Ray Peck, an educator, former Havre area state lawmaker and Democratic activist, died at 84 in Helena on Friday.
Peck represented the Hi-Line in the Montana House of Representatives from 1982 to 1998. He served in a variety of positions for the state Democratic party after term limits forced him from office.
Tributes poured in from throughout the Hi-Line and around Montana for the strong-willed lawmaker. Many said Peck was responsible for them entering political life.
U.S. Sen. Jon Tester, D-Mont., said Peck talked him into running for the Montana Senate in 1998.
“Sharla and I are saddened to learn of the passing of our long-time close friend Ray Peck," Tester said.
He said Peck "set the standard for public servants in Montana through his passionate commitment to future generations and veterans."
Funeral arrangements are pending. They will be posted on havredailynews.com when they are final.
"Ray served eight terms and he was often unopposed because people realized his commitment to the people in his district," said Hill County Democratic Chair John Musgrove.
When Peck was ineligible to run for re-election, he convinced Musgrove to run to succeed him.
Because of his passion for politics, he convinced many people to see things his way, Musgrove recalled.
"He was an arm-twister, just like LBJ," he said.
During his tenure, Peck was known as an advocate for K-12 and post-secondary education, especially for Montana State University-Northern.
Musgrove, a retired Havre High School teacher, said he first got to know Peck when Peck was an administrator with Havre Public Schools. He was a constant fighter for students facing difficulties, he said.
"He was my mentor," said Debi Friede, a former Hill County Democratic chair.
"Ray and Betty talked me into running for chair," she said.
"He was passionate about everything he did," Friede said. "Term limits are a bad thing. When he couldn't run again, we lost a lot."
"He had a big heart," she said. "If he believed in something, he had to get his hands into it."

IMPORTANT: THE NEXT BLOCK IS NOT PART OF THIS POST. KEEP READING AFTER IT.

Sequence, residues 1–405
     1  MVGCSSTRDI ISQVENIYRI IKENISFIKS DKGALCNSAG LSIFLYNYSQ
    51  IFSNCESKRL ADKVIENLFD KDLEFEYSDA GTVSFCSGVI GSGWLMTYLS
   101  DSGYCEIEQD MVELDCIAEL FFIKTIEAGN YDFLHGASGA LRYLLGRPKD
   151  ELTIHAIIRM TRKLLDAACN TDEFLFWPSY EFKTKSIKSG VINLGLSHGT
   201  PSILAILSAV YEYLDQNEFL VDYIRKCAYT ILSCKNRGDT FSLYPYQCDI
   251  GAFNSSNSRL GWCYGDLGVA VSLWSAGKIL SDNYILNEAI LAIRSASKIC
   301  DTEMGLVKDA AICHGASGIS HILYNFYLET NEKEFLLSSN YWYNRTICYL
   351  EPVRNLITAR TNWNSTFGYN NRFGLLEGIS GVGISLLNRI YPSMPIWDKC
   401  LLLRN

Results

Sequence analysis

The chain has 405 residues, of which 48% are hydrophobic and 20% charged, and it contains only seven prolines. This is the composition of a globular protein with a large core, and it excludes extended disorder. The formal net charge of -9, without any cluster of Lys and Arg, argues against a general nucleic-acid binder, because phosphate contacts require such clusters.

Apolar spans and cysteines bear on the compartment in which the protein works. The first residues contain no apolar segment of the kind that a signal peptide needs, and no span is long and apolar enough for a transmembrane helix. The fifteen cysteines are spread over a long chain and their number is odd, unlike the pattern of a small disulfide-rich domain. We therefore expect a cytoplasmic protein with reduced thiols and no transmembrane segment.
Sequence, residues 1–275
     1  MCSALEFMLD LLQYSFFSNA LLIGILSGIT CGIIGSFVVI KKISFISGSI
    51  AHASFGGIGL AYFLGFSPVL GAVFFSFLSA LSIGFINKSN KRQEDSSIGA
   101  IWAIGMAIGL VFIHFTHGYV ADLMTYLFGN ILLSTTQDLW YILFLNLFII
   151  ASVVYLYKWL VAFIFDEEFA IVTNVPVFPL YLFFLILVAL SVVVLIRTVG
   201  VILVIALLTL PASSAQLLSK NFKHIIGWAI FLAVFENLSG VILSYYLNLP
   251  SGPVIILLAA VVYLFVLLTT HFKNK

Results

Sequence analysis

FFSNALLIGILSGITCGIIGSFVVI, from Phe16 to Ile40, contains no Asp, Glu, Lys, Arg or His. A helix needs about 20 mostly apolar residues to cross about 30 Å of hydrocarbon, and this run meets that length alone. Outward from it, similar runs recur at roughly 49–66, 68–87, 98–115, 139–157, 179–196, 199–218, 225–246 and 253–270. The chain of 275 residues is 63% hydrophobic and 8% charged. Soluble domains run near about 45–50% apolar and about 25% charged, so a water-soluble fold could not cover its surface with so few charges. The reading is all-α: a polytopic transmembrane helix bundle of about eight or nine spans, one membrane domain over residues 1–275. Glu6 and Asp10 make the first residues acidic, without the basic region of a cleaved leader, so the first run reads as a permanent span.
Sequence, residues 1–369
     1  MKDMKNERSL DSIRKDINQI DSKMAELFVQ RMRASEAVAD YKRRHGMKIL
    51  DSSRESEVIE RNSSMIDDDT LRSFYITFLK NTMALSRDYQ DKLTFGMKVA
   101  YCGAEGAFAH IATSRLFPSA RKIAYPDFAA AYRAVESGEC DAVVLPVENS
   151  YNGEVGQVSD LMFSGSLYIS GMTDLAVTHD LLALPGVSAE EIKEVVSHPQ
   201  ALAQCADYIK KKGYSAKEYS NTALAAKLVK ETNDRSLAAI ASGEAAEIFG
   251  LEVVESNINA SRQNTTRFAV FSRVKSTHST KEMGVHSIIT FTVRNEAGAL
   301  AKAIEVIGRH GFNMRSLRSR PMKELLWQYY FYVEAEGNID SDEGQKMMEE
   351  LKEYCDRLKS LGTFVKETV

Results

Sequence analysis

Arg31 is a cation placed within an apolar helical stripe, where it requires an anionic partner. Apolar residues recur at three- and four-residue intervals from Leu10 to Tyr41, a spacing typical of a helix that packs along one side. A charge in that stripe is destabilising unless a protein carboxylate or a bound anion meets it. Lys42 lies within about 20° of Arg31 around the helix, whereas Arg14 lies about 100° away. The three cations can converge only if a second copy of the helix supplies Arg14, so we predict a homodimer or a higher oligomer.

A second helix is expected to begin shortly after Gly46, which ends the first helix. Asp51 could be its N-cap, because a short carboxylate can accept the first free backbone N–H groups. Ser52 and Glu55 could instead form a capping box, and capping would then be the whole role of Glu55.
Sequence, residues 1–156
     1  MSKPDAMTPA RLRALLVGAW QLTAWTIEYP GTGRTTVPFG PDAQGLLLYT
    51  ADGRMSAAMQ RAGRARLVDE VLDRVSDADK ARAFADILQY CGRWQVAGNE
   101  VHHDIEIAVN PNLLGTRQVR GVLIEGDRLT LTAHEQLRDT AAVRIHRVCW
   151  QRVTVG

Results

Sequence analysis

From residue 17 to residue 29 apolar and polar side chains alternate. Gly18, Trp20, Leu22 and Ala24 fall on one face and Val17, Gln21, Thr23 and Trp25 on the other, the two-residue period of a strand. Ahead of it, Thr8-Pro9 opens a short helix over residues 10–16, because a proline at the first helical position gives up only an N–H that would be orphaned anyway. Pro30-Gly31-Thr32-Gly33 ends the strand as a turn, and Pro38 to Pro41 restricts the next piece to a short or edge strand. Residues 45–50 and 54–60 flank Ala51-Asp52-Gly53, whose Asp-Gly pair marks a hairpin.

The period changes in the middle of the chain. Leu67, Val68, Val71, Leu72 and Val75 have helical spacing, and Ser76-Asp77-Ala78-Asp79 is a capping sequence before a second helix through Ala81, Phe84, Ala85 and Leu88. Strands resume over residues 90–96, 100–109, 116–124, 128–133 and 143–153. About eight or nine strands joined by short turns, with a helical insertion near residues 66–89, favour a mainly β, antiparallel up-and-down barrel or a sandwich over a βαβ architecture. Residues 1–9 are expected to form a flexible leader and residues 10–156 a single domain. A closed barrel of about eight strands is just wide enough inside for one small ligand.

"He always stuck to his principles,:" she said, even when he didn't agree with the Democratic party line.
"Ray was always pro-life," she said.
"I get frustrated sometimes because every thing is so party line," she said. I wish we could have more Ray Peck-type politics. We could get more accomplished." "
"Ray thought that if you believed in something, you should work to put it into action," said Jim Elliott of Helena, the chair of the Montana Democratic Party.
He was a volunteer at the party's headquarters on Wednesday, the day he suffered a massive stroke that killed him, Elliott said.
He did all kind of volunteer work, he said. "He would stuff envelopes or whatever was needed," Elliott said.
He was well known for letters to the editor that he sent to newspapers around the state.
Prior to the 2010 elections, he sent letters to the Havre Daily News supporting Democrat Dana Sapp Seidel, who was running for Peck's old House seat. She eventually lost to Republican Wendy Warburton.
The day after his party took a drubbing in 2010, he urged party loyalists to start preparing for a comeback in 2012, friends recalle
Greg Jergeson, a former state senator and public service commissioner, recalled serving on the Legislature's Joint Appropriations Committee with Peck, where he was a strong advocate for education.
He was also a strong supporter of ethics legislation that barred lawmakers from benefitting financially from their actions in the Legislature, he recalled.
Around the state, Democrats praised Peck's legacy.
“Ray was one of the premier authorities and biggest advocates for education in Montana," said Sen. Max Baucus, D-Mont. " His legacy will live on in generations of students.”
Gov. Brian Schweitzer said, “Ray Peck was one of the great leaders of Montana, and he was certainly one of the best political mentors for me.”
Praise for Peck came not only from established political leaders, but from younger people.
Phil Drake, a reporter for Montana Watchdog, a news service that provides news stories to newspapers around the state, recalled that when he held a seminar on the essentials of blogging in October, Peck showed up.
And Matt Singer, founder and former writer for Left in the West, a Missoula liberal political blog, wrote succinctly: "RIP Ray Peck. Montana loses a giant."